Unnecessarily trade restrictions will hamper growth at U.S. ports by weighing on the automotive industry, Jim Newsome, CEO of South Carolina Ports Authority, told CNBC on Friday.

Ports in the southeastern U.S. are dependent on the automotive trade, which has “thrived from having free trade basically,” Newsome told CNBC’s “Squawk Box” on Friday.

“The automotive trade is pretty balanced inbound and outbound. You bring engines and transmissions in, and you send parts out instead of vehicles,” he said.

Some foreign car companies operating in the U.S., such as Germany-based BMW, also export much of their production, Newsome added.

President Donald Trump has claimed automakers were taking jobs away from Americans by building cars in Mexico and elsewhere before importing them to sell in the U.S., which is the world’s second-largest auto market.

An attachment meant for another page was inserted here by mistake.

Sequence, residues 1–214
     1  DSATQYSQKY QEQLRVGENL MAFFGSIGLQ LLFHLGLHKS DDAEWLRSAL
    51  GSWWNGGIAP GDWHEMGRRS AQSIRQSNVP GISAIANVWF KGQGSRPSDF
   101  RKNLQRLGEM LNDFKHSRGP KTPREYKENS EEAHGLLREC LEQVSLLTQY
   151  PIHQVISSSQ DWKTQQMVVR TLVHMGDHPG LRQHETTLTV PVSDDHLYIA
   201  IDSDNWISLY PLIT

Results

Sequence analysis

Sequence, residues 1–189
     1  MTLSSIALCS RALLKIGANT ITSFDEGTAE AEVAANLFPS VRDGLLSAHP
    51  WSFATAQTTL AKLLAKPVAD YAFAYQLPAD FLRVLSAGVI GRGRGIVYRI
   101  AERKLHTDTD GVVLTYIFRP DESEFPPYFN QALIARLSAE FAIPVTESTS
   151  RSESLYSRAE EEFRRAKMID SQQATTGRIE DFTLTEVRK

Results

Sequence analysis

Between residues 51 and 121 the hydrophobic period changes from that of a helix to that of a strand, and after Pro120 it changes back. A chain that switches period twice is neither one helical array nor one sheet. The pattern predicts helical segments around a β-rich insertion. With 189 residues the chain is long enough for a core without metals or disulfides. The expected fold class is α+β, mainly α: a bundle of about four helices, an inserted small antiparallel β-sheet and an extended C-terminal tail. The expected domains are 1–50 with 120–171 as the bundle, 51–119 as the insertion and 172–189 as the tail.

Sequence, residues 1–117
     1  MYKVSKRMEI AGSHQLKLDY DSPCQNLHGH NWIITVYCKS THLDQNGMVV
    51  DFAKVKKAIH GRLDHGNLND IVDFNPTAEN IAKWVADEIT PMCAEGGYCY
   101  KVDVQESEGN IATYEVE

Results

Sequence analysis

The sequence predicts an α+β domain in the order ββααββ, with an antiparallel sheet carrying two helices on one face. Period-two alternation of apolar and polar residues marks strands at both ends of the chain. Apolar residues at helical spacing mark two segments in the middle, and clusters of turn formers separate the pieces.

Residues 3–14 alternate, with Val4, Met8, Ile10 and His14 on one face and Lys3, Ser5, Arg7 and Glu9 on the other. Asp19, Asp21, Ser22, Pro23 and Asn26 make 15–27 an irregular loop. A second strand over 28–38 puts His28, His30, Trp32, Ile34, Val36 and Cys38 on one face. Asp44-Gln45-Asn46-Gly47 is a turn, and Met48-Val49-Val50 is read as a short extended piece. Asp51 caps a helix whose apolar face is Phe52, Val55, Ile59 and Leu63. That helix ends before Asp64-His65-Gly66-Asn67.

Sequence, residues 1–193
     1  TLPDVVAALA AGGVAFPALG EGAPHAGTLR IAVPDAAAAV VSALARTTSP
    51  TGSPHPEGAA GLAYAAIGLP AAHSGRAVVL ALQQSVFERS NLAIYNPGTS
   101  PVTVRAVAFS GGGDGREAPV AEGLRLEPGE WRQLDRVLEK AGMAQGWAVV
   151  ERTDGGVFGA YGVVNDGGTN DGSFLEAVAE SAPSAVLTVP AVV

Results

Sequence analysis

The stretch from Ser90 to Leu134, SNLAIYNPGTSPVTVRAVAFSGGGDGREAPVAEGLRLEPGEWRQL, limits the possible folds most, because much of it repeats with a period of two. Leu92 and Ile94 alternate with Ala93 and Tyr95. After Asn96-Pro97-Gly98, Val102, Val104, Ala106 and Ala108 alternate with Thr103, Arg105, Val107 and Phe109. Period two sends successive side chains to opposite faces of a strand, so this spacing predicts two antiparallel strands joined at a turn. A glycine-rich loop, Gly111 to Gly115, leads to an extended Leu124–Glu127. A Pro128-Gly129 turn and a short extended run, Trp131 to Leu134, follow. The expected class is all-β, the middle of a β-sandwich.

He has repeatedly threatened to impose trade restrictions and tariffs on foreign-built cars as well as other products manufactured overseas.

Earlier this year, Trump told German newspaper Bild, “You can build cars for the United States, but for every car that comes to the USA, you will pay a 35 percent tax.”

His administration is currently working to renegotiate parts of the North American Free Trade Agreement, or NAFTA, with one aim of tightening rules of origin for cars and auto parts.

That’s at odds with the modus operandi of the auto industry, which often shuttles parts across several borders multiple times before the completed vehicle reaches its destination market.

In March, BMW CEO Harald Krueger told Trump, “We are proud as we are the biggest net exporter of vehicles in the United States. We have an annual net bill of $10 billion in cars exported from South Carolina. Seventy percent of our production is being exported.”

Krueger went on to point out that BMW now employs 9,000 people at its plant in Spartanburg, South Carolina.